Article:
We test the hypothesis that differences in social status between groups of people within a population may induce variation in insulin-like growth factor-1(IGF-1) levels and, by extension, growth in height. This is called the community effect in height hypothesis. The relationship between IGF-1, assessed via finger-prick dried blood spot, and elite level sport competition outcomes were analysed for a sample of 116 undergraduate men and women. There was a statistically significant difference between winners and losers of a competition. Winners, as a group, had higher average pre-game and post-game IGF-1 levels than losers. We proposed this type of difference as a proxy for social dominance. We found no evidence that winners increased in IGF-1 levels over losers or that members of the same team were more similar in IGF-1 levels than they were to players from other teams. These findings provide limited support toward the community effect in height hypothesis. The findings are discussed in relation to the action of the growth hormone/IGF-1 axis as a transducer of multiple bio-social influences into a coherent signal which allows the growing human to adjust and adapt to local ecological conditions.

Concepts: Statistics, Statistical significance, Sociology, Insulin-like growth factor 1, Difference, Statistical power, Typeface

5

Schedule-based and in-season factors (e.g., competition type) have been shown to be associated with symptom reporting patterns and injury severity in sport-related concussion (SRC). To determine if acute neurocognitive and symptom presentation following SRC differ by time point within a high school football season.

Concepts: High school, Typography, American football, Concussion, Point, Typeface, High School Musical, High school football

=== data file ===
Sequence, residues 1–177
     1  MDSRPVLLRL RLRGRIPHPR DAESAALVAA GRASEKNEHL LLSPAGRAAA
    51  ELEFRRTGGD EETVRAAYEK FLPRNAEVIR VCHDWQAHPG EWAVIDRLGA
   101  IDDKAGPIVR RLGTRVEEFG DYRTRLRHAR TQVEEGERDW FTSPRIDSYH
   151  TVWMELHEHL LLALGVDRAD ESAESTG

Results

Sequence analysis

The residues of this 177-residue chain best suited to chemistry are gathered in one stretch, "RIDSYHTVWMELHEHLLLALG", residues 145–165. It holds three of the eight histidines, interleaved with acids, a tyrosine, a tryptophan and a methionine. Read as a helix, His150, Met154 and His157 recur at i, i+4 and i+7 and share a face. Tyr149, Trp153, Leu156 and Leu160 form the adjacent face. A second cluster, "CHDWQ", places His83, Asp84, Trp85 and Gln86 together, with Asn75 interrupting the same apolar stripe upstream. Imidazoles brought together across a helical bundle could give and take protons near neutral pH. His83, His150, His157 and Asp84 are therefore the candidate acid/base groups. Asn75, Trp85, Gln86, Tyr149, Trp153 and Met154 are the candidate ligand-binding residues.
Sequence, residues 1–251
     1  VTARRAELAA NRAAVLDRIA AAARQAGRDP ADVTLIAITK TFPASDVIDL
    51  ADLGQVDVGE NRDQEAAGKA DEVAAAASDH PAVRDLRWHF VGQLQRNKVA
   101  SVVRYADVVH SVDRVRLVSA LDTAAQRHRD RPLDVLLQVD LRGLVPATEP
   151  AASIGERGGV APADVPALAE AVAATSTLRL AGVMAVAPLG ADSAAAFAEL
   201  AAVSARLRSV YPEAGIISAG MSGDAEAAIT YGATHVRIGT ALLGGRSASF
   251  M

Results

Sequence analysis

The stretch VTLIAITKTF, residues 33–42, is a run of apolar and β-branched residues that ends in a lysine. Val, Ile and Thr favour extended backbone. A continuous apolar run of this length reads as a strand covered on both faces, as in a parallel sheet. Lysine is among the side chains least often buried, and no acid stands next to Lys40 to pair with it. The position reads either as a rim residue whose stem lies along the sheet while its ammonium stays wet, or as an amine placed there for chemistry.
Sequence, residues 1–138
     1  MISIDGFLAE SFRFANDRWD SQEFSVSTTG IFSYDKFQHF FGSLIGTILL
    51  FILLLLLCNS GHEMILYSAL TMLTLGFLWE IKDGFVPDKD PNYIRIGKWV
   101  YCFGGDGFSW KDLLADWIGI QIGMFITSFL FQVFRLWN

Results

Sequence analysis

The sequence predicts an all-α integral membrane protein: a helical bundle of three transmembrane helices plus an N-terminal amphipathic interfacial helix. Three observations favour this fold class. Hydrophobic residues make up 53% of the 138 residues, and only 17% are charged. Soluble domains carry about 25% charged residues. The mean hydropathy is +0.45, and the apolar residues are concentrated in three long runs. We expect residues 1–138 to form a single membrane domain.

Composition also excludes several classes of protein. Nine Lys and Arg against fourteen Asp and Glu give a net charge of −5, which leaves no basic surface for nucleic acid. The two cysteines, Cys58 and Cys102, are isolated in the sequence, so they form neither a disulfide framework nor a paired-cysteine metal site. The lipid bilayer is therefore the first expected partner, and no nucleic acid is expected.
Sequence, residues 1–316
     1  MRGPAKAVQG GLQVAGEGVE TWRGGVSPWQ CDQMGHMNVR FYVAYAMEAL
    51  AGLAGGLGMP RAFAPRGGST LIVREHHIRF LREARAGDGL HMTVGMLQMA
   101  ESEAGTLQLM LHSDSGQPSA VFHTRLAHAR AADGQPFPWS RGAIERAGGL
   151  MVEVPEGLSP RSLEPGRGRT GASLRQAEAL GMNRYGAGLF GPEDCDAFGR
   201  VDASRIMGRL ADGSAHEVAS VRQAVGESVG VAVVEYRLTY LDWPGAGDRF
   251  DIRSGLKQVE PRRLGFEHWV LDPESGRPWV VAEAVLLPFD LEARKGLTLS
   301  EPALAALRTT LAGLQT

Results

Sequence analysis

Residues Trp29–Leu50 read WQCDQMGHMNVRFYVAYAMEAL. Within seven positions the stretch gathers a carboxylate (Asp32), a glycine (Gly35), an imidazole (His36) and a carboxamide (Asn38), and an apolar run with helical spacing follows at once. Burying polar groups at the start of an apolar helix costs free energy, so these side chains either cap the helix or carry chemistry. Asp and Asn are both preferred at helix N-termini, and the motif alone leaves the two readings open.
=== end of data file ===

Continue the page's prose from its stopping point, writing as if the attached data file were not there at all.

5

In two experiments, the claim was tested that the font “Dyslexie”, specifically designed for people with dyslexia, eases reading performance of children with (and without) dyslexia. Three questions were investigated. (1) Does the Dyslexie font lead to faster and/or more accurate reading? (2) Do children have a preference for the Dyslexie font? And, (3) is font preference related to reading performance? In Experiment 1, children with dyslexia (n = 170) did not read text written in Dyslexie font faster or more accurately than in Arial font. The majority preferred reading in Arial and preference was not related to reading performance. In Experiment 2, children with (n = 102) and without dyslexia (n = 45) read word lists in three different font types (Dyslexie, Arial, Times New Roman). Words written in Dyslexie font were not read faster or more accurately. Moreover, participants showed a preference for the fonts Arial and Times New Roman rather than Dyslexie, and again, preference was not related to reading performance. These experiments clearly justify the conclusion that the Dyslexie font neither benefits nor impedes the reading process of children with and without dyslexia.

Concepts: Writing system, Orthography, Dyslexia, Reading, Typeface, Times Roman, TrueType